I found this to be the biggest help here in Colorado.
        I hope this helps.
        Robin

        1. I baked professionally at 7,000' in Santa Fe, NM, for many years by following these adjustments:

          Increase the oven temp. by 25 deg. F.

          For each one teaspoon of baking powder or baking soda called for in a recipe, decrease by 1/4 teaspoon (25%)

          Increase liquid by 3-4 tablespoons for each one cup called for in the recipe. "Liquid' includes the amount of egg called for

          Decrease sugar by 25%. (By volume, a cake recipe should call for one part sugar to two parts of flour for baking at 7,000').

          I learned this from Joy of Cooking. I hope this helps you.

          1. I now live in D.F. my box cakes come out perfect but my scratch cakes are horrible, they rise then sink in the middle did you find a solution to your problem?

            1 Reply
            1. re: Silence820

              I inherited a 1937 baking book from my grandmother. When I first started testing recipes I had the same problem. They'd rise fine in the oven but fall in the middle when I took them out. The ratios were off in the recipe because ingredients and baking equipment had changed in the 65+ years since the recipes were published.

              What solved my problem was reducing the leavening. In the end I had the best results when I decreased it by at least half and sometimes a little more. Gasses expand faster at altitude, you're getting the full expansion of the gas before your cake is done causing the center to sink. I'm at sea-level, but the same gas expansion principle also applies to baking at high altitude. With sunken cake centers the first thing I would try is reducing the leavening. For every 1 teaspoon of leavening called for in your recipe, reduce it by 1/4-1/2 teaspoon. If you recipe calls for 1 teaspoon baking soda, try it by reducing to 3/4 tsp. If it still falls reduce it to 1/2 teaspoon.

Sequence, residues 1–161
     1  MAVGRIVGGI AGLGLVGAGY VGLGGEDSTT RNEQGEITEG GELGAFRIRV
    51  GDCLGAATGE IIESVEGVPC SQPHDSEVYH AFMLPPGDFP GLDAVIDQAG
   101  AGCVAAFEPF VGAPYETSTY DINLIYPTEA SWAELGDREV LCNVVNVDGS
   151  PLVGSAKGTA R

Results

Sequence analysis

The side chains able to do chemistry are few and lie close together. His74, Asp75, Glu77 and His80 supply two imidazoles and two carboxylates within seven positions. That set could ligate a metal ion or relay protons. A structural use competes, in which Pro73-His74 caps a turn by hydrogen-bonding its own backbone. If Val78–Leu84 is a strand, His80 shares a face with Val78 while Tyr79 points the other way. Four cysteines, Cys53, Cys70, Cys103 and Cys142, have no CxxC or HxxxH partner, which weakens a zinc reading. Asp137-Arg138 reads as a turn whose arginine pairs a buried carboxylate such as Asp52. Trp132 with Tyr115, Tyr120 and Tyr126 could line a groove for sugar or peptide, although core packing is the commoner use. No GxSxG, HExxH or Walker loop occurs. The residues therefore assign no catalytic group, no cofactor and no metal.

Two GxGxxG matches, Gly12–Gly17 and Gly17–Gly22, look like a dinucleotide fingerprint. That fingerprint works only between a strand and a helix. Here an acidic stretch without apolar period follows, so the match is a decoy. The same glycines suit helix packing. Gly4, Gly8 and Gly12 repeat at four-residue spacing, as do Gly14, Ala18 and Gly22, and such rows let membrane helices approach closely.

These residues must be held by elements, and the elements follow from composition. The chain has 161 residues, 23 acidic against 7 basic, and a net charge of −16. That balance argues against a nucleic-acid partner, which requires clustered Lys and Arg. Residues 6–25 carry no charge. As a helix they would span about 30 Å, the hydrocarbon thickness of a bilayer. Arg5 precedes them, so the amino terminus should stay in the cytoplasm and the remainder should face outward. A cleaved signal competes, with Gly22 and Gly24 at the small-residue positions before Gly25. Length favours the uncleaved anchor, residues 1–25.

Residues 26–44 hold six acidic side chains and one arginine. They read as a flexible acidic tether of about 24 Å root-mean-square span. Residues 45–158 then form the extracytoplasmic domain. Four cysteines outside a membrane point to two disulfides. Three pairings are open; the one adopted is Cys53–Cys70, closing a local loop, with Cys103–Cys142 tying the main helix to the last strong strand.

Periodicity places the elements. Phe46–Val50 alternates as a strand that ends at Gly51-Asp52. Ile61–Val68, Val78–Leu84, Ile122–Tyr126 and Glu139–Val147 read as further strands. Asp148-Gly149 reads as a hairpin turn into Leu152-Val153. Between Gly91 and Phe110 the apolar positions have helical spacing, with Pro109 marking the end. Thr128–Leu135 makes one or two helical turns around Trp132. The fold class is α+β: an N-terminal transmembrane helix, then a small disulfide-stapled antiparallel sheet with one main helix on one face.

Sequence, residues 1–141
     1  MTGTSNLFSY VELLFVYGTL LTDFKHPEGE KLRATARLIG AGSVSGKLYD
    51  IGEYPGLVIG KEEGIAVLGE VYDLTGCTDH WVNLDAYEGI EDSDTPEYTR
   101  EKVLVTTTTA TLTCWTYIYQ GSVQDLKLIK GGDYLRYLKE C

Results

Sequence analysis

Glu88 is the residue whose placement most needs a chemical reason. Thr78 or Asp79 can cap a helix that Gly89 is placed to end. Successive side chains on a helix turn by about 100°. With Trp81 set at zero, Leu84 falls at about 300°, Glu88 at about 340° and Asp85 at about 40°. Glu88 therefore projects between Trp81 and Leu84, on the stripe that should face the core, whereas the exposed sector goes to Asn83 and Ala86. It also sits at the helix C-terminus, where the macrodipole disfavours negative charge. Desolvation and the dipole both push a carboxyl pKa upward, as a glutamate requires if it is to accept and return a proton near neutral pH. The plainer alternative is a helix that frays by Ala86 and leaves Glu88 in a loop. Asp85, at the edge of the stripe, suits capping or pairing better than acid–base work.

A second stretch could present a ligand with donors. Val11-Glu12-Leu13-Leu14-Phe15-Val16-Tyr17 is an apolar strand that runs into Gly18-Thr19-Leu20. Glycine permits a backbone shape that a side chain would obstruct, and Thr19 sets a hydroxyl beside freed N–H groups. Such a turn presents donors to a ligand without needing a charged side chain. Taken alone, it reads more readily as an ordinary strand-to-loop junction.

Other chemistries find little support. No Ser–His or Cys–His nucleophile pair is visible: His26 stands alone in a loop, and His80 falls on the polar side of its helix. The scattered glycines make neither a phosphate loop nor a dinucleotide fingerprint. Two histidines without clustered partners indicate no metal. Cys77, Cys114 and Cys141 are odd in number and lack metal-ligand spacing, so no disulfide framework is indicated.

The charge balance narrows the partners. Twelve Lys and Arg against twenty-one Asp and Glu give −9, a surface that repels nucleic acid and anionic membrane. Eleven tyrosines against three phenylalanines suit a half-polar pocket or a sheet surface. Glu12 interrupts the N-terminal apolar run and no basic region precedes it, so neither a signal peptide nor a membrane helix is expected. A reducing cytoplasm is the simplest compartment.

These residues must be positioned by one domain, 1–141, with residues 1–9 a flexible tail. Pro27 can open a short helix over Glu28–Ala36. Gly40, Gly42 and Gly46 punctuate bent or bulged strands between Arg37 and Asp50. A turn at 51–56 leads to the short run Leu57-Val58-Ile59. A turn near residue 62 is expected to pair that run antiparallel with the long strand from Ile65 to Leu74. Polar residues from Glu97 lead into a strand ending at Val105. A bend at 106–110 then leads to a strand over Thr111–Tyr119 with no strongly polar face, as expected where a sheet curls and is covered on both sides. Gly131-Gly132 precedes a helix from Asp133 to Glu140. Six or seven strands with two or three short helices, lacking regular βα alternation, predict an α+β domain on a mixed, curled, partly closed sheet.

How accurate is your oven temperature. While this may not be the primary cause of your cake falling in the center it could be a contributing factor. Many ovens (no matter the country) can be off by 25* or more. If your oven is too hot, it could contribute to the speed at which gas is produced by the leavening reaction. An oven thermometer can be your best friend :-)

              Other factors that can affect baking at altitude are:

              * the water content of the fat used. Just as gasses expand more quickly at altitude, fats with a high fluid content (think lard, butter and shortening) liquify faster at altitude. This is more likely to lead to gumminess and a cake that is too moist.

              * the sugar content sometimes need to reduced a little as well

              * oven temperature may need to be reduced and cooking times lenghtened.

              I found a lot of this information just by Googling for information about cakes that fall in the center. Googling for high altitude baking also works.